Black Saturday bushfires destroy more than 40% of LBP habitat and population numbers in the wild are halved to an estimated 1000 individuals. The population of LBP at Yellingbo is found to be ‘genetically divergent’ to the highland populations confirming they are a naturally occurring population. There had previously been some uncertainty as to whether the population had been introduced.

2011
Melbourne Museum mounts a temporary display of LBPs, which includes the burnt remains of a nest box collected after the Black Saturday fires, reveals the efforts before and after Black Saturday to secure this significant animal.

2012
A new captive breeding program begins at Healesville Sanctuary. LBP’s from Yellingbo NCR are sourced as ‘founders’ for the program. 1000’s of years separation from the Central Highlands LBP population has meant the Yellingbo population (lowland LBP) is now known to be genetically distinct. Approximately 40 lowland LBP’s are known to remain in the wild – all at Yellingbo.

2013
Professor David Lindenmayer (ANU) calls on the Victorian Government to expand the current LBP Reserve System to include all LBP remaining habitat in the Central Highlands in a new Great Forest National Park.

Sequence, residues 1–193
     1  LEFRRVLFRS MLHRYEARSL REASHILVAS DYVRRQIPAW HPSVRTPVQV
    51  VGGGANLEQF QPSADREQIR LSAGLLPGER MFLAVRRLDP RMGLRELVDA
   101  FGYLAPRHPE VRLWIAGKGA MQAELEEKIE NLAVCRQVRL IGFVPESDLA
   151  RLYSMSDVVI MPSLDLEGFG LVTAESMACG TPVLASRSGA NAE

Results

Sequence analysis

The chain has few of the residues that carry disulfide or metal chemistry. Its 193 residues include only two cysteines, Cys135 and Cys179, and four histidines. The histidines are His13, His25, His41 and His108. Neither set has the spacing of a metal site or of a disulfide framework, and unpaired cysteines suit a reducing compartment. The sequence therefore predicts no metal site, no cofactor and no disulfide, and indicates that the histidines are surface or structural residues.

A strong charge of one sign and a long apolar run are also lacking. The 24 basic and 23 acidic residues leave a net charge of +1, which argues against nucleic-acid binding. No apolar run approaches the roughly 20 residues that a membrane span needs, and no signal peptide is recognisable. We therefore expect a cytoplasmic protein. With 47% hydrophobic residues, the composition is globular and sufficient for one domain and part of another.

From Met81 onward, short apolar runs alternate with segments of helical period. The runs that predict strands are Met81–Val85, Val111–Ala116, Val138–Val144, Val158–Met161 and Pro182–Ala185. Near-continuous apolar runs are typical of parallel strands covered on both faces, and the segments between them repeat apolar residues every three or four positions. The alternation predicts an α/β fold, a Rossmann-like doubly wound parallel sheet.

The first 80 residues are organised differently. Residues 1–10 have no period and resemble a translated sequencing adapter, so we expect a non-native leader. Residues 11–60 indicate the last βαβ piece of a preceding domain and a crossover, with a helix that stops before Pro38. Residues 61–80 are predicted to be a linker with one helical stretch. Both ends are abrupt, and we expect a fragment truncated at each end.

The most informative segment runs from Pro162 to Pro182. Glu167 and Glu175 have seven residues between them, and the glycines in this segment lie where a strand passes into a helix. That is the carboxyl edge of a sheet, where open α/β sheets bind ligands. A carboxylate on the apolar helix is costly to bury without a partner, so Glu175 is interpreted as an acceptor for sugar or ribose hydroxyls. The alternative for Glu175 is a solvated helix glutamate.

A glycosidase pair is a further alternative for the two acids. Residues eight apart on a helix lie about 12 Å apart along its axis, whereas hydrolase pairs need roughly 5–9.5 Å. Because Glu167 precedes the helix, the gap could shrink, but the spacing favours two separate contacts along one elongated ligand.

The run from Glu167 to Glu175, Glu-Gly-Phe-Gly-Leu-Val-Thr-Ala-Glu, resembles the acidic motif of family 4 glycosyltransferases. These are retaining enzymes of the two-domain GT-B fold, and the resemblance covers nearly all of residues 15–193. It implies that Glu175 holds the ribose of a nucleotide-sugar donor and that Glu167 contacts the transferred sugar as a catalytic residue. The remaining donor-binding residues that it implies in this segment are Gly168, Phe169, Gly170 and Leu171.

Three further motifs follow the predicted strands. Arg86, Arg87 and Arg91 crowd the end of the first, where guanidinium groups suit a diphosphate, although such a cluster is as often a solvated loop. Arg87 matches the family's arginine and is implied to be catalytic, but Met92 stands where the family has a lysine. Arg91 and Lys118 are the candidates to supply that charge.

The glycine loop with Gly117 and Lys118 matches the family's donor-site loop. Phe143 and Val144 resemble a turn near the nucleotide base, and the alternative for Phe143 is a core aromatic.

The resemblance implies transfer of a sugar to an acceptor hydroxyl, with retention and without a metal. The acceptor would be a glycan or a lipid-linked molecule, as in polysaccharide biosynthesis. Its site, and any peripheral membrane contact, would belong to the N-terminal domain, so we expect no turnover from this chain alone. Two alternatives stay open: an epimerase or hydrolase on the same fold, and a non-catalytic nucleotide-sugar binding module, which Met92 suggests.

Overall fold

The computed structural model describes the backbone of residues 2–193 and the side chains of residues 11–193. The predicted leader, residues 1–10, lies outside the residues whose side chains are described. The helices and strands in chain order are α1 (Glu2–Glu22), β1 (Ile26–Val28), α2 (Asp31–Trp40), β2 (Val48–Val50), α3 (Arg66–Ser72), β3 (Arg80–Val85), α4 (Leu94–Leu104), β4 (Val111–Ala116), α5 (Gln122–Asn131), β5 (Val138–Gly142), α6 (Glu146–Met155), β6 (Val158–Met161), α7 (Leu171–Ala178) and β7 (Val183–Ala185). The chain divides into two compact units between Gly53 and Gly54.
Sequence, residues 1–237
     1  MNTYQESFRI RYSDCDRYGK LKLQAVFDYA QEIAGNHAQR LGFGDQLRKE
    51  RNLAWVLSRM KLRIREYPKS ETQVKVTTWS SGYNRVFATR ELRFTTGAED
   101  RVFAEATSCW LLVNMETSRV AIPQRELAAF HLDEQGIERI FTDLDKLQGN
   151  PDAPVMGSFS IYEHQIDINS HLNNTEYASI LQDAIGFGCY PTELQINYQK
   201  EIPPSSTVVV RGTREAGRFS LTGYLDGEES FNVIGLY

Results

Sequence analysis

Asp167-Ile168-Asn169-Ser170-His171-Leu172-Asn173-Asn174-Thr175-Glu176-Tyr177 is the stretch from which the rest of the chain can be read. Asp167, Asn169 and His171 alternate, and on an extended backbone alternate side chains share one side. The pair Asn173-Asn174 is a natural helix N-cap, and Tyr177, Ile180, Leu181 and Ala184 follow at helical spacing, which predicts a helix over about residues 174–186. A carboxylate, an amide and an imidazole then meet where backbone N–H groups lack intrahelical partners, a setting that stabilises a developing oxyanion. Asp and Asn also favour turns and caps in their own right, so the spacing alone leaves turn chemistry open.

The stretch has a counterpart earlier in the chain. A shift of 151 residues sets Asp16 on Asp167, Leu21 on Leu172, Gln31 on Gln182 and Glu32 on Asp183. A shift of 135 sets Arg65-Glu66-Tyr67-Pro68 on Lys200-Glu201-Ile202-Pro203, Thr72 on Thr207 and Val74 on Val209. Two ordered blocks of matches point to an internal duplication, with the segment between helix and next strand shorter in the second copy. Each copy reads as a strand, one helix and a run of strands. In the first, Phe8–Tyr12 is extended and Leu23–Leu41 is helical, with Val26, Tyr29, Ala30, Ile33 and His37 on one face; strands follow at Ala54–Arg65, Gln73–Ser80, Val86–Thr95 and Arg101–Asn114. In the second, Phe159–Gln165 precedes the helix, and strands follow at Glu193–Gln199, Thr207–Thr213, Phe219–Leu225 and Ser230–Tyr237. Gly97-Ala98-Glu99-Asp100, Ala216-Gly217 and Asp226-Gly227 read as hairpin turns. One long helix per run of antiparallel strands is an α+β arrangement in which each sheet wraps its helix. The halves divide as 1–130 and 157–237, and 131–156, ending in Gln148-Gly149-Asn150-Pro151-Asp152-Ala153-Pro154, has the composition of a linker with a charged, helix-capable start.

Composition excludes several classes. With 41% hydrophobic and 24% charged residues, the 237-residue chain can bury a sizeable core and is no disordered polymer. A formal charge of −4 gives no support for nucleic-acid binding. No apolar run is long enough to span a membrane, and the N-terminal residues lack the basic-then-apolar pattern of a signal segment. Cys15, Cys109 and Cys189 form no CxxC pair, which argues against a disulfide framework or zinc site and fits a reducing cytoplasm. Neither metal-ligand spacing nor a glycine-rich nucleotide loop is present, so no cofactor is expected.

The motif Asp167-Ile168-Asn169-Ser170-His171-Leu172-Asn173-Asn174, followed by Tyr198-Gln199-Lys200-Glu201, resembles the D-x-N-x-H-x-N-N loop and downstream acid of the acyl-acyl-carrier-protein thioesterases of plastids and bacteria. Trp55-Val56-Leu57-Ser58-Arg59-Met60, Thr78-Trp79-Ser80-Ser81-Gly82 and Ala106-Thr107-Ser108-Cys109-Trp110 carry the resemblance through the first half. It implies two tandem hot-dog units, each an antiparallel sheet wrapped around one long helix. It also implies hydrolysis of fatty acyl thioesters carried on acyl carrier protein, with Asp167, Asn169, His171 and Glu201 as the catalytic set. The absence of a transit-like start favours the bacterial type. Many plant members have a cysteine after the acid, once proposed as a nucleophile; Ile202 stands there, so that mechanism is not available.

2015
Federal Conservation Status uplisted to Critically Endangered.

2019
Federal Conservation Status confirmed as Critically Endangered following an unsuccessful application by an industry lobby group.

2020-22
There has been no success to date in the captive breeding program. Translocations are trialled to spread risk of extinction from bushfire or disease. “But the alternative is we just monitor them until extinction,” says Dr Dan Harley, Zoos Victoria. “We’re at the point where the risk of doing nothing is greater than the risk of getting it wrong.” In late 2020, eleven LBPs from Yellingbo are taken to a large patch of forest at Wallaby Creek. Cats had likely taken seven and on New Year’s Day 2021 the decision was made to launch an emergency evacuation to catch and return the remaining four possums to the relative safety of Yellingbo. In Nov 2021, a second translocation site was selected in suitable habitat near Mansfield. In 2022, the eight pioneering settlers are still there, and there are babies. In Mar 2022, only 33 lowland LBP remain in the wild at Yellingbo, clinging on in a strip of forest just 4km long and about 100 metres wide. Modelling suggests that with such a small number left in the wild – and with no success breeding them in captivity – the lowland LBP’s will be extinct within a couple of decades. Two family groups with five individuals from the Yellingbo LBP population of 33 individuals are relocated to the translocation site, joining the first group. Theoretically, this new site could support up to 100 LBPs.